RETURN TO HOME PAGE
By Bob Oaks
When Todd David and Tiffany Loewenberg finished researching where to send their son Noah to kindergarten, they chose Alvarado Elementary School on Douglass Street. They considered private, religious, and other district elementary schools, but they were especially attracted to Alvarado's award-winning Spanish-language immersion program. They also wanted Noah to attend a school that reflected San Francisco's cultural diversity.
Noah has only been an Alvarado student for a couple of months, but his parents are convinced they made the right choice. The school is "outstanding," says David. Noah eagerly goes off each morning and willingly does the five to ten minutes of homework he gets each day.
Besides having a head start in Spanish, Noah will get to take part in the Alvarado Arts Program, a legacy of renowned Noe Valley artist Ruth Asawa. The school's playground murals, created by the students and supported by several foundation grants, have received wide attention over the years.
Why then did this school--with a solid reputation for excellence--find itself this year on the "needing improvement" list, under criteria established by the federal government's No Child Left Behind Act?
Principal Robert Broecker, brand new to his job in 2007 (though a teacher at Alvarado for several years before that), insists that Alvarado is a "thriving, successful school," and that the No Child Left Behind law does not adequately measure those successes. Even the state of California, Broecker points out, recognizes Alvarado as a school of distinction, on the basis of its having surpassed the magical 800 mark on the state's Academic Performance Index (API) two years in a row.
No Child Left Behind, passed by Congress in 2001, relies on annual California Standards Tests to measure success. Alvarado succeeded in 22 out of 23 areas, but because the school's English learners did not achieve "Adequate Yearly Progress" on the English Language Arts test for two years in a row, Broecker and his teachers are now under Program Improvement requirements. They have two years to improve their scores. If that does not happen, the school district will impose additional requirements each year that could ultimately lead to the restructuring or even closing of the school.
To some extent, the school's immersion program itself may contribute to the problem, Broecker says. The school's philosophy is that students learn academic subjects best in their primary language. Once they know the basics of a subject, it is relatively easy for students to later translate those concepts into English.
Beginning with kindergarten, Alvarado offers parallel classes in both English and Spanish. In the Spanish-immersion program, 80 to 90 percent of the kindergarten instruction is in Spanish. This percentage decreases each year, so that by the third, fourth, and fifth grades, only about 50 percent of instruction is in Spanish. However, the achievement tests that NCLB requires these third- through fifth-graders to take are all in English.
No one seems to question the underlying principles of No Child Left Behind. They agree that high expectations and accountability can improve students' performance. The challenge, Broecker says, is to find a way to do well enough on the tests so that the school can keep teaching in the way it thinks is best. Right now, there is a mismatch between the way Alvarado teaches and the way in which its students are tested.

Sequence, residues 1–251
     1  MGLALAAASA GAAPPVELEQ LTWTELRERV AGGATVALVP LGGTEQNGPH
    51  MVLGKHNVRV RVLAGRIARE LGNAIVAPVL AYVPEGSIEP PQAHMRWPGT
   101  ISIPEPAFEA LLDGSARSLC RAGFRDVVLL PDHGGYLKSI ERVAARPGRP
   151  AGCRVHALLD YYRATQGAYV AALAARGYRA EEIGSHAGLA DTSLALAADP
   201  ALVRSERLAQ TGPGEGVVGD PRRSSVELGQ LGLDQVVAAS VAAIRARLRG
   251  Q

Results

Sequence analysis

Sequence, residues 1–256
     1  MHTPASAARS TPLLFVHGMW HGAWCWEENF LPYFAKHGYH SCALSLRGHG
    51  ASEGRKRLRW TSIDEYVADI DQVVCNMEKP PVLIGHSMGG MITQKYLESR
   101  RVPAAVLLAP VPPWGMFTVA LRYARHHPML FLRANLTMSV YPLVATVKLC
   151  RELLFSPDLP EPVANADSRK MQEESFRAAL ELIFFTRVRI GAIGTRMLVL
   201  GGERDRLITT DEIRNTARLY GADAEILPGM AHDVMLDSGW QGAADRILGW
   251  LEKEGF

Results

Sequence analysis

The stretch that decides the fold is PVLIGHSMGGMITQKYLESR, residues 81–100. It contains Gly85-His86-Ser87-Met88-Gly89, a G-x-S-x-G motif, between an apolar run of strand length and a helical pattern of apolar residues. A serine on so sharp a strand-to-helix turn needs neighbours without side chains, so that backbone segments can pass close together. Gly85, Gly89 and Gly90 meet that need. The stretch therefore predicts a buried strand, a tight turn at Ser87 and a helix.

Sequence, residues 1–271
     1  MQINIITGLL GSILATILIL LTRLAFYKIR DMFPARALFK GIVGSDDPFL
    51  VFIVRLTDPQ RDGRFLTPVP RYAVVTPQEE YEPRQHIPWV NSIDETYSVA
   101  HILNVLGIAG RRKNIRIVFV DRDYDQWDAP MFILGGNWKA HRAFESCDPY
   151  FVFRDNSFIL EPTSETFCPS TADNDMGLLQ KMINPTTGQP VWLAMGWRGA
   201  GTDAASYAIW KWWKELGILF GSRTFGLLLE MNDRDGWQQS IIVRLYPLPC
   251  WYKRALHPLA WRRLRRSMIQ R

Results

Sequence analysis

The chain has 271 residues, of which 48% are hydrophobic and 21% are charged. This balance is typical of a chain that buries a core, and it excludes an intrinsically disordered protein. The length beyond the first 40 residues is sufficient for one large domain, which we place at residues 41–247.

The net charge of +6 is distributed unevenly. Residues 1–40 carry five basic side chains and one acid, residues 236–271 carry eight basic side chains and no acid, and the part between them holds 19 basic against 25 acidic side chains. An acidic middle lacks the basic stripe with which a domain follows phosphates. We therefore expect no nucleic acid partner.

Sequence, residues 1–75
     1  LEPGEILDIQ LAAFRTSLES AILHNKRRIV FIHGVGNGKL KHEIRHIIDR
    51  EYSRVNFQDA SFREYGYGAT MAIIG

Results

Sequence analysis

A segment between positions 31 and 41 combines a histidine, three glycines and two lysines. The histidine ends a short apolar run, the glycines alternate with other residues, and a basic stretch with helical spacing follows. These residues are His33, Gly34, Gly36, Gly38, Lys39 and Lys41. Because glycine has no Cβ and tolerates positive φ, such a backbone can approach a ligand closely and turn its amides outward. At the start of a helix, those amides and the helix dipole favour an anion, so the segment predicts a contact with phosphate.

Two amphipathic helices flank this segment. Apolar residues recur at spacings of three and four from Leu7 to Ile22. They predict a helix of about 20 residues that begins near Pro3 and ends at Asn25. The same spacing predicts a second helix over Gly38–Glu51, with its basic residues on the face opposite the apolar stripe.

PTA President Gabriela Tinoco says that a few concerned parents of English learners have questioned the wisdom of enrolling their children in the Spanish-immersion program rather than in English-only classes. Tinoco, herself, however, whose first-grade son Nick is in the immersion program, is convinced of the program's worthiness. Nick, she believes, is getting an "excellent" education.
Tim Danison, chairman of the school's Site Council, which consists of the principal, faculty members, and community representatives, has three children currently enrolled (and in the immersion program) and one who has recently graduated. Like the other parents, he is a strong supporter of Alvarado and its "dedicated staff." And like most, he supports the NCLB concept of getting all students to perform at grade level. Yet, the way the program is implemented, he says, "tends to penalize schools that otherwise serve minority students well."
To meet the challenge, Broecker, his faculty, and many parents are embarking on a series of measures to ensure that no child is left behind and that the school's language-immersion program will result in children proficient in both English and Spanish.
The first step will be to identify students who need extra help with English, based on their test scores. To provide this extra help, teachers are being trained in ways to improve the delivery of English language development during the day. Additionally, Broecker, working with the Site Council, is setting up after-school programs to provide writers' workshops to boost literacy skills.
Parents are an integral part of Program Improvement, the principal says. Todd David and others are actively recruiting parents to mentor students in the after-school program, called ExCel. Some volunteers will work for 60 to 90 minutes one afternoon a week to help students increase English and math scores. Others will provide child care for parents who want to participate in the mentoring program. Alvarado will also hold Family Learning Nights, where teachers will help parents understand ways in which they can extend the school curriculum to their homes.
Parents do have the opportunity to transfer their children to another school, but Broecker does not know a single parent contemplating such a move.
And the students? Largely unaware of the issues of NCLB, they are having fun learning. Just ask them!